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The mop trundler. Chambars after Penny. Bodleian Library, University of Oxford: John Johnson Collection

Photo by J. D. Kay, 2013

I love this image, and the original on which it is based. I love it so much that we’ve recreated it (in a later time period) whilst fooling about during a photoshoot.

But what does it really show? The image in the print depicts a passage in Jonathan Swift’s poem, A Description of a City Shower,

Such is that sprinkling which some careless quean
Flirts on you from her mop, but not so clean:
You fly, invoke the gods; then turning, stop
To rail; she singing, still whirls on her mop.

Straightforward, right?

Well, not so fast. Thanks to the wonders of ILL, I’ve been reading The Satirical Gaze: Prints of Women in Late Eighteenth-Century England, by Cindy McCreery, and looking at prints anew. Her chapters on prostitutes and old maids are particularly interesting, and confirm some of what I had been thinking about when we use prints as documentation.

Here, in the Macaroni Provider, we have what is “Probably a portrait of some (alleged) notorious procurer; perhaps Thomas Bradshaw whose portrait he somewhat resembles.” We have a pimp, folks.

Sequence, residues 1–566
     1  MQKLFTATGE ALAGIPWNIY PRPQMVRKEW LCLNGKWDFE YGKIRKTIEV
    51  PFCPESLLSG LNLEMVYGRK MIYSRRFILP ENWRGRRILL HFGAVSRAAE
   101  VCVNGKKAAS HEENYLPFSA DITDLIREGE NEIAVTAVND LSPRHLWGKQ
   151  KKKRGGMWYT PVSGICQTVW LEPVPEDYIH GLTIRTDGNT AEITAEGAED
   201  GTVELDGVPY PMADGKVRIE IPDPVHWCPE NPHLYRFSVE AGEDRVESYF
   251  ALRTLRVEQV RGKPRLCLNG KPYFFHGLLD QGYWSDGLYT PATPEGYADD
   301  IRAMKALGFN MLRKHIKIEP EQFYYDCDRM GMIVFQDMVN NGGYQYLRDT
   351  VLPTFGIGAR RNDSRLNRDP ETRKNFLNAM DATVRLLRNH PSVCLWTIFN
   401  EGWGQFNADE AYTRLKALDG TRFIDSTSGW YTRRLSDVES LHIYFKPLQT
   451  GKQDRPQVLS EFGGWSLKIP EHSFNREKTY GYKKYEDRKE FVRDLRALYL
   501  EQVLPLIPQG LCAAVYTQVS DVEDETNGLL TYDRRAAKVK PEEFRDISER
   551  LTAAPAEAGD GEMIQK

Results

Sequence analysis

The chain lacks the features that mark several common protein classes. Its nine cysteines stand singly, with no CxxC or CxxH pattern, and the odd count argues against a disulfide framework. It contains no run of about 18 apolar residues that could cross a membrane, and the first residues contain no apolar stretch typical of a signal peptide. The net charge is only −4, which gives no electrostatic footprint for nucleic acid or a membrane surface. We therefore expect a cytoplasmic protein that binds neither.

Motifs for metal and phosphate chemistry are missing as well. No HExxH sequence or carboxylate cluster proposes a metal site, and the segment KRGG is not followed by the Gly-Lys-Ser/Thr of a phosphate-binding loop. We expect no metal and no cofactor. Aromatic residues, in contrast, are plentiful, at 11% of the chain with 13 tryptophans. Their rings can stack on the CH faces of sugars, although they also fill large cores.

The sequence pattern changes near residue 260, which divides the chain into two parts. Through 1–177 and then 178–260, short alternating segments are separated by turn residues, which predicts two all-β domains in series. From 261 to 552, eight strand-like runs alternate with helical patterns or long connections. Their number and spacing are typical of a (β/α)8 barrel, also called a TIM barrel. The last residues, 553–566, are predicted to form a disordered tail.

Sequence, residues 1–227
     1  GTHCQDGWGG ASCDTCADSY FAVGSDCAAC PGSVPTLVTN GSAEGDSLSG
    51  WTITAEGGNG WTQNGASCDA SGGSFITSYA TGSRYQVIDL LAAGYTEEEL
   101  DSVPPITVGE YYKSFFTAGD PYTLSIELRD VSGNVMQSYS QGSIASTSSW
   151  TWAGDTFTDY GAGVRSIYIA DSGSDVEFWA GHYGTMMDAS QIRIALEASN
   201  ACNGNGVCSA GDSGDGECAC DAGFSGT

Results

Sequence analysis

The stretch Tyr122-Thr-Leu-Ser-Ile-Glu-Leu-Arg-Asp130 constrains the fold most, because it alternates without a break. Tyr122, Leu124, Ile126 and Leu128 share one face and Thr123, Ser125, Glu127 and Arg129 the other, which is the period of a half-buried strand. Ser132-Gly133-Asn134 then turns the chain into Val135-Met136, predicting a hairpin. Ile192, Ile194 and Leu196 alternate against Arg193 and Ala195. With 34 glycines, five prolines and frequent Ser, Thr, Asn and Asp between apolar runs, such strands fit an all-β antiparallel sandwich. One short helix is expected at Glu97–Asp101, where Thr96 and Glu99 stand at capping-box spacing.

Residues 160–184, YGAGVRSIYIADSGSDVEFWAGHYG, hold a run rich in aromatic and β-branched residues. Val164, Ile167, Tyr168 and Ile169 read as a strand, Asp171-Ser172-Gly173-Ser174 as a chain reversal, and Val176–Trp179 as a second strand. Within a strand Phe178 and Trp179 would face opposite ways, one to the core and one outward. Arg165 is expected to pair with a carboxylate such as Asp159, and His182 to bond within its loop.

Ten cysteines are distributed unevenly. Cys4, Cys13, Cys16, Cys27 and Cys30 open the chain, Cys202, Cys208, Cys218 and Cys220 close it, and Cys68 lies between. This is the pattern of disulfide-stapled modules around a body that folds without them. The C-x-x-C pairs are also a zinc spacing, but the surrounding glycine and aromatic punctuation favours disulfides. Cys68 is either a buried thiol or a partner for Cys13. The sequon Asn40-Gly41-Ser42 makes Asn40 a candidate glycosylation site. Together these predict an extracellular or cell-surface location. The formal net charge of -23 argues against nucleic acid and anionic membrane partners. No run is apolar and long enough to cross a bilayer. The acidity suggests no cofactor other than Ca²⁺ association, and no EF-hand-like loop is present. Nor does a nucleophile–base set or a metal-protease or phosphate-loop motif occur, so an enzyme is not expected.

The Macaroni Provider / Macaronies, Characters, Caricatures & designed by the greatest personages, artists &c graved & published by MDarly, 39 Strand. 1772 (Vol.3). British Museum

So, with this information in hand, let’s look again at The City Shower. We have a maid– one of the few classes of women found in city streets unaccompanied, and a class of women often associated with prostitution (along with street vendors and market sellers). The fashionably dressed man recoils from the spray from her mop– is he rejected the literal filth, or the implied filth of a “maid of all work,” who may have a venereal disease? Is it reasonable to wonder if Swift is using double entendres in the lines Such is that sprinkling which some careless quean
Flirts on you from her mop, but not so clean, 
so that the mop is the woman’s pubic hair, and not so clean suggests she is diseased?

I don’t know, and absent intensive research or a time machine, I may never know. But once again I wonder how we use and understand these images, and think that they pose more questions than answers. McCreery’s book (based on her dissertation) helps get at some of these issues, and is well worth a read. (I found the Amazon review hilarious, myself, once I had the book in hand. No, it’s not a compendium of prints; it’s an analysis.)